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seated figure in on shore in center foreground pulling back on a line with fish on either side of him, three gulls overhead, calm water in central image, cloudless sky beyond
Surf Fisherman
Milton Avery
Gift of Roy R. Neuberger

Staying Inside | Staying Connected

May 5, 2020

Staying Inside is a series on SCMAinsider that regularly features contributions from SCMA staff and students about what we are into right now, be it a book, a work of art, a song, a podcast, a recipe, a way to get outside, a performance; anything, really, that we are holding close or that brings us comfort and connection right now. Today's post is by Michael Thurston, Provost and Dean of the Faculty and Helen Means Professor of English Language and Literature.

It’s not a great picture. The framing is awkward and there’s a little glare in one corner (though I promise I didn’t use a flash). I probably could have made the image larger and left less room around the edges, and I definitely should have stood straight on rather than at an angle when I shot it. 

It’s a great picture. Three seagulls wheel around a central human figure who reclines on an overturned basket, his hands positioned as if to hold a fishing rod. The fisherman, who is perhaps about to cast his line (or is he pulling the pole back, drawing toward him whatever has struck his hook?), is all in light green. His hands and face are green, too, darker than his clothes. The sea he sits beside is also green, darker still, below a white horizon. He’s had a good day; a red fish rests on the beach to his left and a blue one to his right. These, you can tell by the direction of their beaks and eyes, have drawn the attention of the gulls. Each fish is elementary in its drawing, scales are suggested by lines incised as if with the handle of the paintbrush. The surface of the painting looks almost chalky. 

The great picture—Milton Avery’s Surf Fisherman (1950)—hangs in a third-floor gallery in the Smith College Museum of Art. The not-so-great picture is stored on my phone. It’s one of a dozen or so that I took in a walk through the galleries on what I knew was going to be the museum’s last day open for visitors. During a fugitive half-hour between meetings, I stopped in to visit some favorites that I knew I would not be seeing in person for a while, as well as some new acquaintances that I had come to love in a couple of walks through the Black Refractions visiting exhibition (paintings by Norman Lewis and Hale Woodruff). As I walked and paused and tried to absorb these familiar beauties, to store them up somehow for the weeks to come, I snapped some quickly so that I could at least enjoy these rough facsimiles as well.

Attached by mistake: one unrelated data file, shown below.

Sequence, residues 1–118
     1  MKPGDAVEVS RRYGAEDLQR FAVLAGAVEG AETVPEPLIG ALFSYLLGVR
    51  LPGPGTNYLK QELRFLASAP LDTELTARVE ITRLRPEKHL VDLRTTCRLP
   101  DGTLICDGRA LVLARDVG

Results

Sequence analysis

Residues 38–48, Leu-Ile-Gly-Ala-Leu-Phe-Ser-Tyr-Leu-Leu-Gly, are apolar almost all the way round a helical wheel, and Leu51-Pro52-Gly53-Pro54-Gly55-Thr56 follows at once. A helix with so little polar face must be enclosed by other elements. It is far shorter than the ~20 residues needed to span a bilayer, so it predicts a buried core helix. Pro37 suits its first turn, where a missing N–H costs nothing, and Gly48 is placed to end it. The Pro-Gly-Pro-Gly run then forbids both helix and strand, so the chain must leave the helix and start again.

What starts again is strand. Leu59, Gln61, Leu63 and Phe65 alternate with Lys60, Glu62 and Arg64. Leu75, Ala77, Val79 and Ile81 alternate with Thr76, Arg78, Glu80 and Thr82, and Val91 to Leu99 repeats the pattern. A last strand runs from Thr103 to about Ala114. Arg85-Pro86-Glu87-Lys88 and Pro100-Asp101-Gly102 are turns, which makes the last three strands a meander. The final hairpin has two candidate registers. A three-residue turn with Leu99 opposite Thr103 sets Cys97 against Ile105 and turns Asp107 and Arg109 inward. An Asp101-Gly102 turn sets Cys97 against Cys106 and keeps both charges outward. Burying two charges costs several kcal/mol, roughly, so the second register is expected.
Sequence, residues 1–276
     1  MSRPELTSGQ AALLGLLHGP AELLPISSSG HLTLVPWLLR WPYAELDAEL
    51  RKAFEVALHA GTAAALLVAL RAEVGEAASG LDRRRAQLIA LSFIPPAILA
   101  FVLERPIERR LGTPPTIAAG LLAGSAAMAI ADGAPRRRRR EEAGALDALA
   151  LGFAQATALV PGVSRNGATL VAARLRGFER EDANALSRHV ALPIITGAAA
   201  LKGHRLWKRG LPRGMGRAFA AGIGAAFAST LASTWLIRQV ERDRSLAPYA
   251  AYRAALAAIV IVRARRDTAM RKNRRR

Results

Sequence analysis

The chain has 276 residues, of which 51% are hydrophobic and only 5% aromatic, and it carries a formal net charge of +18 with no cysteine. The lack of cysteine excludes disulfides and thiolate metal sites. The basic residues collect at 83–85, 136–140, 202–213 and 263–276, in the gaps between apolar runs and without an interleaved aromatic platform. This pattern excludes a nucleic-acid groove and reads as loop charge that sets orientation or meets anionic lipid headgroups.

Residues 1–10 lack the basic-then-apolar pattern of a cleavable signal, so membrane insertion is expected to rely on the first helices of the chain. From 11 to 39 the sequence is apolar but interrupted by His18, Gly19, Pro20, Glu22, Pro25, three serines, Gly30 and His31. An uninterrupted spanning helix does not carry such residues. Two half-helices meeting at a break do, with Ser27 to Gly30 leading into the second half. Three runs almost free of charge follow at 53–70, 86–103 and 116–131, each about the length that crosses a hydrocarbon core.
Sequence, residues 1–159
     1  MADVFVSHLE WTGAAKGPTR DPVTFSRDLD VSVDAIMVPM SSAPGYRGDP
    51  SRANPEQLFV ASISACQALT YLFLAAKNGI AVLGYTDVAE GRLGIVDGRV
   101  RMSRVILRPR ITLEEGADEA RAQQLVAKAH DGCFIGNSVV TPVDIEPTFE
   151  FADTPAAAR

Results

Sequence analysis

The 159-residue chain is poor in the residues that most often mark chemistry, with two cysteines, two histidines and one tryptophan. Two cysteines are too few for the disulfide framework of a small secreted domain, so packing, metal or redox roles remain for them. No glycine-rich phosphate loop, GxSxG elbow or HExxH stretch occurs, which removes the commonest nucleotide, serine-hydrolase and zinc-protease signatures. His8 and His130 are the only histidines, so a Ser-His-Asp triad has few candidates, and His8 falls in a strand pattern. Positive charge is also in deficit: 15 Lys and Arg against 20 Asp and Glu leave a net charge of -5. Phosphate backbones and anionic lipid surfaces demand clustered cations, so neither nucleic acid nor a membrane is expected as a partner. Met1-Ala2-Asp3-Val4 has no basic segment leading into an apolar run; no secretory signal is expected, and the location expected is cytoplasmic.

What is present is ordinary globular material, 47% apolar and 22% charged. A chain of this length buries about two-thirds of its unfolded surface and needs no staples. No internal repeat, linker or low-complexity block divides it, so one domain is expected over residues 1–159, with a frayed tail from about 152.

My thought that Friday was just that I’d want to have these pictures to look at for myself. Early in the quarantine, though, I started to share them with my daughters. Now grown and living far away (the twins in Pittsburgh, their older sister in D.C.), the girls had spent a lot of time in this museum when they were younger. They had come with school groups on field trips, of course, but they had also come along with me on rainy weekend afternoons or for an hour after school or when we had a spare few minutes and wanted to go take another look at a work that had caught our eyes before. The girls felt quite at home in the galleries, and I sometimes had to reassure a nervous-looking docent who was trying to figure out which of us to keep an eye on when we all split up.  We often visited favorites: Elmer’s Mourning Picture, Childe Hassam’s painting of Union Square, Degas’s Dancer on Stage, Avery’s Surf Fisherman. Now we’re revisiting them in the weekly virtual museum visit I invite them to by sending a picture.

Our conversations were rarely the stuff of an art history class; any effort I made to get teacherly was immediately shrugged off or, more often, dissipated into parody (they have my classroom tones and gestures dismayingly down pat). Instead, we might make up a story about why Robert Henri’s Dutch girl was laughing, or we’d wonder how cold the water must be in Rockwell Kent’s Dublin pond. Or, after stopping in at the artist-designed bathrooms on the lower level, we might come up with alternative titles for Helen Frankenthaler’s Blue Atmosphere (winner: That Time I Spilled My Paints). Didn’t matter. We connected somehow, for a minute or two, through the medium of the artwork. Now, when I send a badly composed cellphone photograph of one or another of these (or one of our other favorites) on a locked-down Friday morning, our text exchanges are similarly unedifying. “Remember this one?” “That green is so pretty.” “Reminds me of the Cape.” “That’s how I learned to draw fish!” Once a week now, we connect through them again.

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